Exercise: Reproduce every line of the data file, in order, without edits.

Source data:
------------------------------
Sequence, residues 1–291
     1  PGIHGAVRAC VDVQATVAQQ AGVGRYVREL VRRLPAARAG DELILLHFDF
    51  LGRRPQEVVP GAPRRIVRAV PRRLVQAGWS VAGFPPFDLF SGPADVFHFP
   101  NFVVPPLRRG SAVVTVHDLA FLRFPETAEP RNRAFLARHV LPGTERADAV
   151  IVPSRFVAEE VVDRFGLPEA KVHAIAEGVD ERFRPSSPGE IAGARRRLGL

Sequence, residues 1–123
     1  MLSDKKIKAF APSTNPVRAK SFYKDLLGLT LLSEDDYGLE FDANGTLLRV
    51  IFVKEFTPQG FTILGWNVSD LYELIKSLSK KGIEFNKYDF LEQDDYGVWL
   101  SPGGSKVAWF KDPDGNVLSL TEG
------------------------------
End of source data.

Sequence, residues 1–291
     1  PGIHGAVRAC VDVQATVAQQ AGVGRYVREL VRRLPAARAG DELILLHFDF
    51  LGRRPQEVVP GAPRRIVRAV PRRLVQAGWS VAGFPPFDLF SGPADVFHFP
   101  NFVVPPLRRG SAVVTVHDLA FLRFPETAEP RNRAFLARHV LPGTERADAV
   151  IVPSRFVAEE VVDRFGLPEA KVHAIAEGVD ERFRPSSPGE IAGARRRLGL

Sequence, residues 1–123
     1  MLSDKKIKAF APSTNPVRAK SFYKDLLGLT LLSEDDYGLE FDANGTLLRV
    51  IFVKEFTPQG FTILGWNVSD LYELIKSLSK KGIEFNKYDF LEQDDYGVWL
   101  SPGGSKVAWF KDPDGNVLSL TEG